Rich Flavor is Indicative of What?

Recently I read an article by Allan Nation on the merits of tasty flavor in food.

Basically, the take away is this: The better it tastes, the better it is for you.

Oh Yeah?! What about Doritos and donuts?!

Let me explain the variables affecting the above statement.


Common Additives in Food

These days, we are exposed to vast quantities of bland foods that really are not appealing.  Producers solve this issue be adding flavors.  

Natural and artificial flavors are common ingredients and can be a mixture of 50 to 100 different flavor enhancing chemicals.

The other ingredient commonly used to improve taste is a sweetener. I have read somewhere in my life that sugar is 10 times more addictive than cocaine.

Our bodies become addicted and accustomed to both the flavors and sweeteners.  This throws off our ability to taste and appreciate what is good and wholesome for us.


The Good News

There is food in the world that actually tastes good without adding anything.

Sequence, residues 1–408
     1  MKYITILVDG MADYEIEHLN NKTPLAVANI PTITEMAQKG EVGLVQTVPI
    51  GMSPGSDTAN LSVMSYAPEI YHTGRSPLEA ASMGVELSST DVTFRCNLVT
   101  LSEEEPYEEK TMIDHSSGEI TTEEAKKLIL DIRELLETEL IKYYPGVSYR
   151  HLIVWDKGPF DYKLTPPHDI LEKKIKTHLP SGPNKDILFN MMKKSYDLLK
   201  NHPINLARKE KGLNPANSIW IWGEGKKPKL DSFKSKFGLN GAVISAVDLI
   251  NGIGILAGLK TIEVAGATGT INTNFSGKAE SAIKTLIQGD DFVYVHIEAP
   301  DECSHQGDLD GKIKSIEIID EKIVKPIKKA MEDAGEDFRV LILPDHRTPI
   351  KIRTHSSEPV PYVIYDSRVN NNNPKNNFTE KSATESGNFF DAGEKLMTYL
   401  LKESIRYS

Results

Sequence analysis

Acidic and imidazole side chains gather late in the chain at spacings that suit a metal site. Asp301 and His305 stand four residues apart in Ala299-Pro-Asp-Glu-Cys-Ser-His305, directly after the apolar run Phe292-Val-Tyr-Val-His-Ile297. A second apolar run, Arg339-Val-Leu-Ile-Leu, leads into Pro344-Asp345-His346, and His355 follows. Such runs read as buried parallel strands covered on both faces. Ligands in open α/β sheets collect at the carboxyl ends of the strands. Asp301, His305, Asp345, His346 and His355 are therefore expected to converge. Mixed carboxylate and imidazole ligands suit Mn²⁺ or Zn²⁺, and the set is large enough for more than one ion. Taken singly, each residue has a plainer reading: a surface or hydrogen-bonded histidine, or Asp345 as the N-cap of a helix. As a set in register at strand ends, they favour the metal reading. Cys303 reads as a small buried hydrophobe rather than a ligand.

Brining, to add moisture and flavor to a pork chop, isn't necessary when the pig got to dig in the dirt and eat anything it wanted in the pasture.  

You don't have to cover my chicken in BBQ sauce to make the meat taste wonderful.

My turkey has moist flavorful meat if you just throw it in the oven, roast it to 165 degrees, and add a little salt.

To taste for yourself the quality in a pasture raised chicken, Email Me and make your order for my spring batch!



The better it tastes, the better it is for you.

When all additives are not added, how does the meat you eat taste?  If it's tender, juicy, and flavorful, then I would generally guess that it's good and healthy.